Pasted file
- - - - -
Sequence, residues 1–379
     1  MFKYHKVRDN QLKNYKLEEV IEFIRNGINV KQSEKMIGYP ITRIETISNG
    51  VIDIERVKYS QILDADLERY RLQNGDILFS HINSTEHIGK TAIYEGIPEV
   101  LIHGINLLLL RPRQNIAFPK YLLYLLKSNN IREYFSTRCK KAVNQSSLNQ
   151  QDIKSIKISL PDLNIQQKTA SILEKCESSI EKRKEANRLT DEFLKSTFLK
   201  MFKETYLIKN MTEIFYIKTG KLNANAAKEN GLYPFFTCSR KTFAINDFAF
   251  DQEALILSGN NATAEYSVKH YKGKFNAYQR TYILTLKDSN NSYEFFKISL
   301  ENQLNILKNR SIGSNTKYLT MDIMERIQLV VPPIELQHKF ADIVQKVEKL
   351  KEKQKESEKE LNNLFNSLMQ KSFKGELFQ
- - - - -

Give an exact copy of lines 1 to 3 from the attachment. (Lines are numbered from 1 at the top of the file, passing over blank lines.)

Sequence, residues 1–379
     1  MFKYHKVRDN QLKNYKLEEV IEFIRNGINV KQSEKMIGYP ITRIETISNG
    51  VIDIERVKYS QILDADLERY RLQNGDILFS HINSTEHIGK TAIYEGIPEV